No one really knows. All we know for sure is that fake optimism of the kind preached by our redoubtable leaders—fake hymns to the success they (and Donald Trump is the hyperbole of all hyperboles when it comes to ranting about “winning”) assure us are right over the horizon if only we agree to their reign—are just that: fake. Whistling in the graveyard. Public relations bullshit designed to achieve a short-term end: power to one faction, and more profits for those already bloated with criminal profits like the president himself.
            Yes, we all know the story. And that is why I here present something diametrically opposed to bullshit and bluster. Something we can feel is true, and needed, and because of its beauty—notwithstanding its subject matter of loss—because of all the life making up its beauty, comprises something real to treasure in these fake, plastic times.
            So here it is, without comment, Elizabeth Bishop’s late poem, One Art. It was written in 1975, at a time when she was generally recognized as one of America’s great poets, but also a woman who had lost, or thought she had, the last love of her life, Alice Methfessel. It is in the form of a villanelle (note the repetitions, the intricate rhyme scheme, both part of the form).

One Art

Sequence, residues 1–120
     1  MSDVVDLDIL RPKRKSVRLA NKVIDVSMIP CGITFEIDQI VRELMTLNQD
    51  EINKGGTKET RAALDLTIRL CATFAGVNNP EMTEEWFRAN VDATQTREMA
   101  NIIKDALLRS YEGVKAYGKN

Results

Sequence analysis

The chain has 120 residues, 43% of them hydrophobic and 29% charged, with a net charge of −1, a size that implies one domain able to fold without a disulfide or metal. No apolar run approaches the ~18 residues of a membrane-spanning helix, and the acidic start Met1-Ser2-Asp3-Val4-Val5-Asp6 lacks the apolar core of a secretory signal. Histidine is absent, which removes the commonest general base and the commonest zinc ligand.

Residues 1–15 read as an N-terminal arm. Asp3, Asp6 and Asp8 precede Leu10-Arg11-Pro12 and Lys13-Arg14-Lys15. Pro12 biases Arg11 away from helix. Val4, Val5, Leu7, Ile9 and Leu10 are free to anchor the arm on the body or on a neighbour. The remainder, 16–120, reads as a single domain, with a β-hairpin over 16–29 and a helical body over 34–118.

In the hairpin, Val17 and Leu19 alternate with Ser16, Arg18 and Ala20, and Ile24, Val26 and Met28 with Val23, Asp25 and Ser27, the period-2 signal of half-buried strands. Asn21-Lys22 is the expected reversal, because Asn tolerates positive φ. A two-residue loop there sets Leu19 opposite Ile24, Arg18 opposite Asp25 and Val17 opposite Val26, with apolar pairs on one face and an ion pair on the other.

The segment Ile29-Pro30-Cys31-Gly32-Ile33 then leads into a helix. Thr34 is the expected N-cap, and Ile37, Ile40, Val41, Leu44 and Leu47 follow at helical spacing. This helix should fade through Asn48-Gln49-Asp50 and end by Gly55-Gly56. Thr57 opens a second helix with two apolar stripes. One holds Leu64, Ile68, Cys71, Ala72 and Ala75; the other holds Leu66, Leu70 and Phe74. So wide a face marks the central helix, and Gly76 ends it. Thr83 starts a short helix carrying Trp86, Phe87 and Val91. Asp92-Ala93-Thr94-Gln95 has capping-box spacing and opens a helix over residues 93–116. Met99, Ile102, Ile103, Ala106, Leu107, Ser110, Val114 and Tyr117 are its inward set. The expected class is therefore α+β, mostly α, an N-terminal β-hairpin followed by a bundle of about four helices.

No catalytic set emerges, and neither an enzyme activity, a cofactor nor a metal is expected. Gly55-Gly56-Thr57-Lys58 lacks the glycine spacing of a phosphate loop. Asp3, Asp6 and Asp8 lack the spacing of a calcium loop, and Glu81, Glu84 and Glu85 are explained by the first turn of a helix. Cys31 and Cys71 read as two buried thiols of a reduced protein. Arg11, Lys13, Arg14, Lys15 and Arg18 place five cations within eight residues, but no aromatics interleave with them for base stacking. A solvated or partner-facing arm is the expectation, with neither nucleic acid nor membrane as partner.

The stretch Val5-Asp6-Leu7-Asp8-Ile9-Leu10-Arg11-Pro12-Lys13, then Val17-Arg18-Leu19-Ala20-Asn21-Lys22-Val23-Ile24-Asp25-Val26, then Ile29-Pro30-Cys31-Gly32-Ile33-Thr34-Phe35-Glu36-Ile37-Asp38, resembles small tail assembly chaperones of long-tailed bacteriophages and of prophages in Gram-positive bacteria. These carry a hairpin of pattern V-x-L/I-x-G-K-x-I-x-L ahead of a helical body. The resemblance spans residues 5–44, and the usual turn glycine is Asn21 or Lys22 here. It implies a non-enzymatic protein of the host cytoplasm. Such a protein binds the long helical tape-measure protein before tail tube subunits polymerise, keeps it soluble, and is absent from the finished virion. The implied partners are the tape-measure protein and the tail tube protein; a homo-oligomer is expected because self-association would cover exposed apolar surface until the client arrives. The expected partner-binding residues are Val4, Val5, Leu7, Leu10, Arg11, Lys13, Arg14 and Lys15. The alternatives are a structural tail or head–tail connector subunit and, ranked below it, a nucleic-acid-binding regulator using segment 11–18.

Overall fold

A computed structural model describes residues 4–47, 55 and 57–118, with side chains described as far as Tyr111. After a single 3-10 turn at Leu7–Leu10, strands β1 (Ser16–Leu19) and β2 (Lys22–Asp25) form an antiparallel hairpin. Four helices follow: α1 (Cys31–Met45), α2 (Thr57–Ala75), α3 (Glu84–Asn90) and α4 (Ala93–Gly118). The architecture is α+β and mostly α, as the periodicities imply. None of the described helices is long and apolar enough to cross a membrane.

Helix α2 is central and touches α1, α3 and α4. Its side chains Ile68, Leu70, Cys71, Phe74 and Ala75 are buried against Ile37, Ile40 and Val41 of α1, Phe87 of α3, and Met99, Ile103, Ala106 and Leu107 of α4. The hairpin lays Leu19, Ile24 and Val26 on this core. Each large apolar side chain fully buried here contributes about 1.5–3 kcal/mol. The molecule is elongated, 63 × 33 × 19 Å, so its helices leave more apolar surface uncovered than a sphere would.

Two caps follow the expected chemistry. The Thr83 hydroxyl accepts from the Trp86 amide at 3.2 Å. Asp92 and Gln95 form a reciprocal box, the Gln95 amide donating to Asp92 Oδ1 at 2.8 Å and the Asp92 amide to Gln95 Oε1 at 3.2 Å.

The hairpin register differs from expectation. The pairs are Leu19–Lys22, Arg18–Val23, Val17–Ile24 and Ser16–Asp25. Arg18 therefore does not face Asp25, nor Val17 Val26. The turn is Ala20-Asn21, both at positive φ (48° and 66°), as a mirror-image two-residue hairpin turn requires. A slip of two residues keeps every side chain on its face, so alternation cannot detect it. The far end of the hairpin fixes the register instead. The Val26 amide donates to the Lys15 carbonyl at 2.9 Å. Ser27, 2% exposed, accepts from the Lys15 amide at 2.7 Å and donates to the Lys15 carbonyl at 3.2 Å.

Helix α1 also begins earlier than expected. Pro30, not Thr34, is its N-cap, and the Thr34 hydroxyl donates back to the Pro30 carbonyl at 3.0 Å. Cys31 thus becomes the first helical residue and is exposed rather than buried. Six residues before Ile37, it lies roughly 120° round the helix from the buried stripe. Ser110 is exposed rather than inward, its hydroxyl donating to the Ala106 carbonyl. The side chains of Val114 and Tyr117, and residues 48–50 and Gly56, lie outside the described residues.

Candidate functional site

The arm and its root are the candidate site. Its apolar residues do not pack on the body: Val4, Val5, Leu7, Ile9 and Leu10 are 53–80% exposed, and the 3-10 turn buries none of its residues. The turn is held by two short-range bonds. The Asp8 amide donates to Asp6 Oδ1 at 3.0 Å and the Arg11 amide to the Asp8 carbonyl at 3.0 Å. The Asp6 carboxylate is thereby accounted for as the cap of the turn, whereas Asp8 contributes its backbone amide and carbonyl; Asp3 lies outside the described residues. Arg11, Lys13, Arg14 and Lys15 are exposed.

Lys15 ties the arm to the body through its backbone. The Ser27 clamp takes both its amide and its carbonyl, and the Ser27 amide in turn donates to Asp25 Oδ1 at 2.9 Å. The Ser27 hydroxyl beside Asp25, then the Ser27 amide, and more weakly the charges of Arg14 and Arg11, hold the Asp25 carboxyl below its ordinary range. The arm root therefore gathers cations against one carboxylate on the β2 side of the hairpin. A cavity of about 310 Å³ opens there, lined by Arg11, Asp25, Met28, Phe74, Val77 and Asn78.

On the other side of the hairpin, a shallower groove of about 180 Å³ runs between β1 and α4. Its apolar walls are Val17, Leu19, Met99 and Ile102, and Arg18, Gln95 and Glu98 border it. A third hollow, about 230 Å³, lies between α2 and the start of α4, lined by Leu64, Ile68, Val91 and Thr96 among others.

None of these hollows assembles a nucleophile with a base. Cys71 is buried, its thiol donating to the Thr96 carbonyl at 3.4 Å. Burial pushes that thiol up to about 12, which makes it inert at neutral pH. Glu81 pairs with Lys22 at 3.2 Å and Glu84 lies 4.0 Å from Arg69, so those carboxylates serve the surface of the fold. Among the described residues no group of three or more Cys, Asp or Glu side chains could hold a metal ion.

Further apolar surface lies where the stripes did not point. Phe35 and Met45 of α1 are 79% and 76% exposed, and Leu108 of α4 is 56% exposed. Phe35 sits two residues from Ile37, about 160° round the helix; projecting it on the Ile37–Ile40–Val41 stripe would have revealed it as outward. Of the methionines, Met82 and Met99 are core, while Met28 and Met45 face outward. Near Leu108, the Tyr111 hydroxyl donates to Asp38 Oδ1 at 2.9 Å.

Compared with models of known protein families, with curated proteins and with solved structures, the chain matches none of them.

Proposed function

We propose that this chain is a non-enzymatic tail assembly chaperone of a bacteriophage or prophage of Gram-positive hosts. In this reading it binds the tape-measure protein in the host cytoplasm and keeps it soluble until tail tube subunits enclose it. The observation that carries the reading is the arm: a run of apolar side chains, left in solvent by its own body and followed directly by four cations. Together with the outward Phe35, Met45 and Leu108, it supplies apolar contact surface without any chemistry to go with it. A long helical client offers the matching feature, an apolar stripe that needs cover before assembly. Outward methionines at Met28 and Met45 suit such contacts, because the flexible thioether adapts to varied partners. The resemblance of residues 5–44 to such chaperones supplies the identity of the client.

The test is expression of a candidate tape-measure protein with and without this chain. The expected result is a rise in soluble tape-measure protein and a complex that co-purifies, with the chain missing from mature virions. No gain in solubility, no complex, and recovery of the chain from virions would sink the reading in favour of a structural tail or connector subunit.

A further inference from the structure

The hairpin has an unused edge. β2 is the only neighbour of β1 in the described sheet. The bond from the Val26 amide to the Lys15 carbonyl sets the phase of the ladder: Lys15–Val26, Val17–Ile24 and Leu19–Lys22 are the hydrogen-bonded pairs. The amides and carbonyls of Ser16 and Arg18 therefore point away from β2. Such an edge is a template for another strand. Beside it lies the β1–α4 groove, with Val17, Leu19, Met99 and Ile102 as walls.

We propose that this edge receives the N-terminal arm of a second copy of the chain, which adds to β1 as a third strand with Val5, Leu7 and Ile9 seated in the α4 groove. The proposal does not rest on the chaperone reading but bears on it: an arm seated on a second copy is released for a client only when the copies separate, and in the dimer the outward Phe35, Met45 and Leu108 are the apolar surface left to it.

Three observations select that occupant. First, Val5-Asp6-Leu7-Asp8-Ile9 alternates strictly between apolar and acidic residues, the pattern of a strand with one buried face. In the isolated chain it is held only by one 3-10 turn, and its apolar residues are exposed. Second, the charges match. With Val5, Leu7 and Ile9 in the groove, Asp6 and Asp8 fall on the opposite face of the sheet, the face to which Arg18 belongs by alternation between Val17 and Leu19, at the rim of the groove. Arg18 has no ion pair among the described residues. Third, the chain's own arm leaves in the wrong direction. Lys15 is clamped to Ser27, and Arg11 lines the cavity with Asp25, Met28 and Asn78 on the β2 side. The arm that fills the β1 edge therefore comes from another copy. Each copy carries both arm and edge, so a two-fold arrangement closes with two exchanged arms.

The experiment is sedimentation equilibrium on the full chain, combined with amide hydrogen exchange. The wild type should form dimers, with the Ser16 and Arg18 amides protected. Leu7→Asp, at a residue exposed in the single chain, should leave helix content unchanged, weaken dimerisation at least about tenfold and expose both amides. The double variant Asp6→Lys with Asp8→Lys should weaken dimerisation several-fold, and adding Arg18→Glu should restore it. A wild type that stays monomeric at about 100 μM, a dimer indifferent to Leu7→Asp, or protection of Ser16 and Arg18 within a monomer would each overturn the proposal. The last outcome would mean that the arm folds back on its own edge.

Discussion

The art of losing isn’t hard to master; 
so many things seem filled with the intent 
to be lost that their loss is no disaster. 

Lose something every day. Accept the fluster 
of lost door keys, the hour badly spent. 
The art of losing isn’t hard to master. 

Then practice losing farther, losing faster: 
places, and names, and where it was you meant 
to travel. None of these will bring disaster. 

I lost my mother’s watch. And look! my last, or 
next-to-last, of three loved houses went. 
The art of losing isn’t hard to master. 

I lost two cities, lovely ones. And, vaster, 
some realms I owned, two rivers, a continent. 
I miss them, but it wasn’t a disaster. 

—Even losing you (the joking voice, a gesture 
I love) I shan’t have lied. It’s evident 
the art of losing’s not too hard to master 
though it may look like (Write it!) like disaster.

Perhaps what we’re losing, and will soon lose, won’t be (though it may look like it) a disaster either.


Lawrence DiStasi